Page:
more raspberry pi work

I spent a bit of time today getting my various Raspberry Pi boards up to snuff. I worked with one Raspberry Pi 2 Model B V1.1 (in the foreground) and my newer Raspberry Pi 3 Model B V1.2 (background). Both boards are back to using Arch Linux ARM, my comments about going off on a tangent with Raspbian not withstanding. I’m using the RPi 3 as a “build system”, transferring binaries to the RPi 2. Specifically I’m writing code with Google’s Go (golang). The compilation of Go code on the RPi 3 is quite fast. Test Go binaries are secure copied (scp) from the RPi3 to the RPi2 for testing.

I’d written earlier on this blog about trying to use Go on the older Raspberry Pi B+, back when Go was around version 1.4, and back when there were no installable packages for Arch Linux ARM. Because of Go’s lack of full native support on ARM at that time I went off and used node.js and the onoff package to write code in Javascript to manipulate the GPIO pins. That experimentation proved quite successful. But I wanted the same capabilities using Go if at all possible for one very important reason: Go compiles down to a single binary that doesn’t need a special runtime and supporting packages to be installed.

Recently I came across Embd, a Golang-based framework for manipulating all of a Raspberry Pi’s peripherals. It also claims to perform the same way on the Beagle Bone Black, another strong attractor for me as I have a BBB as well. I installed Go V1.6.2 (the latest release) using the standard Arch Linux ARMv7 packages. git was also installed on the RPi3, so I grabbed a copy of embd on Github (go get Once that was accomplished I started to write simple Go applications and tried to see how it operated. And I ran into more than a few problems getting it to work.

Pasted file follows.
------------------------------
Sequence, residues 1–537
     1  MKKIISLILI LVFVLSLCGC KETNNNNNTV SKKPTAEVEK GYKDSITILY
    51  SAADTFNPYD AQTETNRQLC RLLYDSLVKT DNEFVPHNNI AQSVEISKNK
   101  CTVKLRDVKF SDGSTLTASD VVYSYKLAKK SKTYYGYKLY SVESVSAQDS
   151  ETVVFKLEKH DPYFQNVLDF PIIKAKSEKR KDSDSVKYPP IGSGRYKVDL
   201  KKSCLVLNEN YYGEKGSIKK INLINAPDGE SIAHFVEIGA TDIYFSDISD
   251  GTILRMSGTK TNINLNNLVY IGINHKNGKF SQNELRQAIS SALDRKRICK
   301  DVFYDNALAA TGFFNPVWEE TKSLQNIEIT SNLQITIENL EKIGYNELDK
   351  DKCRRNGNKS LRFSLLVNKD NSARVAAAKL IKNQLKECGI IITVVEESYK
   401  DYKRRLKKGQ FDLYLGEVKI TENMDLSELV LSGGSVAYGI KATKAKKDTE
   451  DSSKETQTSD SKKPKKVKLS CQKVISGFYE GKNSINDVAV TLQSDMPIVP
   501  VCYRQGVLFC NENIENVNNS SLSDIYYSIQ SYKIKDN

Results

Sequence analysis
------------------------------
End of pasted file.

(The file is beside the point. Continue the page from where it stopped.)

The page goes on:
An example of a problem I ran into, and my solution to prove that at least a part of embd works, was the sample application fullblinker.go. It’s a test application that’s supposed to toggle the green LED, next to the red power LED, on the corner of the RPi board. As originally delivered it turned the LED on, but it was a solid light, not blinking. After rummaging around a bit in the source, I modified fullblinker to actually blink the LED on the RPI3, then copied it over to the RPI2 and tested it successfully as well. The photo above shows the on state of the LED during the blink test.

// +build ignore

// LED blinker, works OOTB on a RPi.

package main

import (

	_ ""

func main() {

	if err := embd.InitLED(); err != nil {
	defer embd.CloseLED()

	led, err := embd.NewLED(0)
	if err != nil {
	defer func() {

	quit := make(chan os.Signal, 1)
	signal.Notify(quit, os.Interrupt, os.Kill)
	defer signal.Stop(quit)

    var isOff   bool = true

	for {
		select {
		case <-time.After(250 * time.Millisecond):
            if isOff {
                isOff = false
                if err := led.On(); err != nil {
            } else {
                isOff = true
                if err := led.Off(); err != nil {

		case <-quit:

The changes I made to the code are highlighted above. I had to replace the Toggle() function with logic that maintained the LED on or off state, and explicitly call the On() and Off() functions (highlighted lines 43 to 53). Once flashing, this at least validated part of embd. One requirement for running fullblinker is the need to run with sudo (as root), which I’d managed to eliminate with the onoff nodejs GPIO application by using a special group with udev rules. Which appears to cause additional complications with embd, as none of the embd GPIO examples work, failing with a “write /sys/class/gpio/export: device or resource busy” error message. I’ve yet to dig into that problem, but I have several ideas on how to proceed to debug the issue.

embd is a start, along with node.js and onoff. I much prefer how the Javascript application was easy to set up, and I’m mulling over the idea of replicating the Javascript API in spirit to an equivalent GO framework, using what I can pick up from embd.

At this point you’re probably asking why bother? It’s so boring, so mundane. When Google talks about it’s AI TPU, or the net chatters about the rivalry between VR platforms, writing at this low a level on a $35 computer seems like such a waste of time. I can assure you it isn’t. Sooner or later you get back down to this level, and if it doesn’t work at this level then everything further up the stack goes to shit. One major driver to my working on this is my deep appreciation of the Go language, and my desire to use it here. Once I get it working to my satisfaction I’ll have tools that I can build upon, and perhaps something I can share back with the community. I’m just a regular engineer, not a disrupter, and as the Guardian once wrote, it’s the regular people who keep the world afloat.